Is your toddler already a couch potato? Sedentary culture starts early, according to two new US studies, with findings suggesting that parents play a major role in getting their little ones on the move.
In one study, University of Oregon researchers looked at 200 families with children ages two to four to determine how parenting styles affect children's physical activity levels. All the children spent four to five hours sitting during a typical day, but children of parents who weren't home often and spent less time with their children spent up to 30 additional minutes a day watching television or sitting in front of a computer screen.
"A half an hour each day may not seem like much, but add that up over a week, then a month, then a year and you have a big impact," study lead author David Schary said in a news release. "One child may be getting up to four hours more active play every week, and this sets the stage for the rest of their life."
"Across all parenting styles, we saw anywhere from four to five hours a day of sedentary activity," he added. "This is waking hours not including naps or feeding. Some parents counted quiet play -- sitting and coloring, working on a puzzle, etc. -- as a positive activity, but this is an age where movement is essential."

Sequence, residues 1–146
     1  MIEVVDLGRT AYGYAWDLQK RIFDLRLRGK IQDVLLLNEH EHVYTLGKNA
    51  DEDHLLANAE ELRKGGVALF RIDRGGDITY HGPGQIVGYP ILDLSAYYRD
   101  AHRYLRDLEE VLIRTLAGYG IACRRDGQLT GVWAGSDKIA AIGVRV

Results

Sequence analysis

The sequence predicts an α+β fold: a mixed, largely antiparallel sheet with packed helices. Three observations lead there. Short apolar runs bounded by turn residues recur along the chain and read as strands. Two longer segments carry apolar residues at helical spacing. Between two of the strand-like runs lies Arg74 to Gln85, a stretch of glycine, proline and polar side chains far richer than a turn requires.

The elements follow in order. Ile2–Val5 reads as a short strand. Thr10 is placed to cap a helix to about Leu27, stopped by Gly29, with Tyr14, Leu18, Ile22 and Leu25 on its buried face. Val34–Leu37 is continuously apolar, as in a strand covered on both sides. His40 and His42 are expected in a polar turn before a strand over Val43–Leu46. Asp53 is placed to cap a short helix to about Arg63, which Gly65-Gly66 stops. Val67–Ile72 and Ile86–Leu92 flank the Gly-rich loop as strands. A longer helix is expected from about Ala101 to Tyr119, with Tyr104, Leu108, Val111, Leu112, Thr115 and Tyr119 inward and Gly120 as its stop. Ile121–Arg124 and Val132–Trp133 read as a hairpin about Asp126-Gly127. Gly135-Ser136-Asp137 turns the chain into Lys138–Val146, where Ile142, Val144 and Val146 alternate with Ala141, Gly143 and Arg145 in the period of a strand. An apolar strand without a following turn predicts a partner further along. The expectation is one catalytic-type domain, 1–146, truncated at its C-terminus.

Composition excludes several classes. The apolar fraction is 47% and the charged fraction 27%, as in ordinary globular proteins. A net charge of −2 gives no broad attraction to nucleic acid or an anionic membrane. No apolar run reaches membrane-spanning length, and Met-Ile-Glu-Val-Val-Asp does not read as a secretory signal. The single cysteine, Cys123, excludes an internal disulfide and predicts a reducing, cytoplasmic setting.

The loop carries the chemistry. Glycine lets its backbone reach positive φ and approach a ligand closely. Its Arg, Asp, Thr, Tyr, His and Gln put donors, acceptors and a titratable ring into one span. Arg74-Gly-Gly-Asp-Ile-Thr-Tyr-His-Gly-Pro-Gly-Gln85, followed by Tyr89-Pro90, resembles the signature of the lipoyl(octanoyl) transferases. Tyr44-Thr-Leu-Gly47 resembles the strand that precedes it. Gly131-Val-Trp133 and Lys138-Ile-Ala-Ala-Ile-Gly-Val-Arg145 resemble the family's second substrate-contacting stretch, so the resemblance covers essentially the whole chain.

While many parents may be less participatory with their children during the work week, do they make up for that during the weekend? Not at all, said the researchers. Sedentary time increased nearly one hour each weekend day.
In a separate study, Schary and coauthor Bradley Cardinal looked at the same group of subjects to find out how they might support and promote active play for their kids. Parents who actively played with their kids had the most impact, but even just watching their child play or driving them to an activity made a difference, said the researchers.
"When children are very young, playing is the main thing they do during waking hours, so parental support and encouragement is crucial," Schary said. "So when we see preschool children not going outside much and sitting while playing with a cell phone or watching TV, we need to help parents counteract that behavior."
Both studies were published last month in the journal Early Child Development and Care.